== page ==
October 3, 2007 edition

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The University Board of Trustees on Sept. 26 unanimously approved the plan for Carolina North to develop 250 acres of the nearly 1,000-acre site during the next half-century.

The trustees’ action clears the way for the plan to be reviewed and approved by the Chapel Hill Town Council.

The plan anticipates that 2.5 million square feet of building space will be completed over the first 15 years along the eastern boundary of the property bordering Martin Luther King Boulevard. The first of those projects will be a new 85,000-square-foot Innovation Center for which the University has already requested a special-use permit to begin construction.

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When visiting San Francisco, most tourists flock to see the Golden Gate Bridge, the internationally recognized symbol of the city, considered the engineering marvel of its age when the bridge opened in 1937.

Seventy years later, the San Francisco marvel that has caught the eye of Carolina’s Mark Crowell lies on the edge of the city in Mission Bay. Crowell is associate vice chancellor for economic development and technology transfer.

Once an industrial wasteland, Mission Bay is now home to a satellite campus for the University of California at San Francisco and, next to it, the burgeoning life science complex that is being developed by Alexandria Real Estate Equities of Pasadena, Calif.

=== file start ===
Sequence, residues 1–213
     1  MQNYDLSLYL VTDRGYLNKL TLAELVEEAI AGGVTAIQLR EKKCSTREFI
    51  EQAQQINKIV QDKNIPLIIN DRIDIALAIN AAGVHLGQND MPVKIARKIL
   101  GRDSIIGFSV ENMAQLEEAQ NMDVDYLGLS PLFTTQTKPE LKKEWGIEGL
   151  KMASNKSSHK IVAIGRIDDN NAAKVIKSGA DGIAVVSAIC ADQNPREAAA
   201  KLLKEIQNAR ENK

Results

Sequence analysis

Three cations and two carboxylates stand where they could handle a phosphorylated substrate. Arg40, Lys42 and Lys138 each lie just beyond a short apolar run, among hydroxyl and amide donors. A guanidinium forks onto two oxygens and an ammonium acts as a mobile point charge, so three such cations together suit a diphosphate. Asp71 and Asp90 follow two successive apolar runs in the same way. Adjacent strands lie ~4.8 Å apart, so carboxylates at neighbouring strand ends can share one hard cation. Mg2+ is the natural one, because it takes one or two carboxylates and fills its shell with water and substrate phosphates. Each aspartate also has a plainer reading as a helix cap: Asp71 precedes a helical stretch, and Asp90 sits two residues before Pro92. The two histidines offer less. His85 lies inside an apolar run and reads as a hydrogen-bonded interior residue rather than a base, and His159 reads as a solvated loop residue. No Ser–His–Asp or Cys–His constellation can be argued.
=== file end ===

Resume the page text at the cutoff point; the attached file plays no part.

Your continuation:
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A philosopher who has interests in metaphysics and the mathematics of logic, a geneticist who is working to develop cancer therapies, a computer scientist who specializes in bioinformatics and data mining, and a historian who studies the African-American experience in the American South have received the 2007 Phillip and Ruth Hettleman Prizes for Artistic and Scholarly Achievement by Young Faculty.

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Seven Carolina employees were recognized for their outstanding contributions Sept. 24 at a luncheon at the Carolina Inn. Five people received the Chancellor’s Awards for Excellence and two received the Excellence in Management Awards.

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Campus-based tuition over the past decade has played a pivotal role in generating revenue to bolster faculty pay to keep Carolina competitive.

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Four faculty members receive Hettleman Prizes

A philosopher who has interests in metaphysics and the mathematics of logic, a geneticist who is working to develop cancer therapies, a computer scientist who specializes in bioinformatics and data mining, and a historian who studies the African-American experience in the American South have received the 2007 Phillip and Ruth Hettleman Prizes for Artistic and Scholarly Achievement by Young Faculty.

Hofweber
Hofweber

Perou
Perou

Wang
Wang

Williams
Williams

Chancellor James Moeser recognized the recipients at the Sept. 14 Faculty Council meeting. They are Thomas Hofweber, associate professor of philosophy; Heather Williams, associate professor of history; and Wei Wang, associate professor of computer science, all in the College of Arts and Sciences; along with Charles Perou, associate professor of genetics in the School of Medicine.